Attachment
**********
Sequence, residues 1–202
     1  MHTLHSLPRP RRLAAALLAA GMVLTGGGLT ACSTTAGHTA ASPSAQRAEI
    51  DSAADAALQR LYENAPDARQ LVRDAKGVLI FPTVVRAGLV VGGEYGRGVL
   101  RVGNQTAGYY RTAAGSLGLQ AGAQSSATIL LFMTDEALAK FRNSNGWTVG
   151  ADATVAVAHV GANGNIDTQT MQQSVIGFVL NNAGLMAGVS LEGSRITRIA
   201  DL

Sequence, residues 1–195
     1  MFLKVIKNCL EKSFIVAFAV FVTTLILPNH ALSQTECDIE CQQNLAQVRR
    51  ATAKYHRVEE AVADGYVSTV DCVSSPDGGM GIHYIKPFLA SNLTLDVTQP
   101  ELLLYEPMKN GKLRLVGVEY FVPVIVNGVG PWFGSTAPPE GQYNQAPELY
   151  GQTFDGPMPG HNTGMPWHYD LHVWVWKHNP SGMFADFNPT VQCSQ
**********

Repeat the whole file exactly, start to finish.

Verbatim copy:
Sequence, residues 1–202
     1  MHTLHSLPRP RRLAAALLAA GMVLTGGGLT ACSTTAGHTA ASPSAQRAEI
    51  DSAADAALQR LYENAPDARQ LVRDAKGVLI FPTVVRAGLV VGGEYGRGVL
   101  RVGNQTAGYY RTAAGSLGLQ AGAQSSATIL LFMTDEALAK FRNSNGWTVG
   151  ADATVAVAHV GANGNIDTQT MQQSVIGFVL NNAGLMAGVS LEGSRITRIA
   201  DL

Sequence, residues 1–195
     1  MFLKVIKNCL EKSFIVAFAV FVTTLILPNH ALSQTECDIE CQQNLAQVRR
    51  ATAKYHRVEE AVADGYVSTV DCVSSPDGGM GIHYIKPFLA SNLTLDVTQP
   101  ELLLYEPMKN GKLRLVGVEY FVPVIVNGVG PWFGSTAPPE GQYNQAPELY
   151  GQTFDGPMPG HNTGMPWHYD LHVWVWKHNP SGMFADFNPT VQCSQ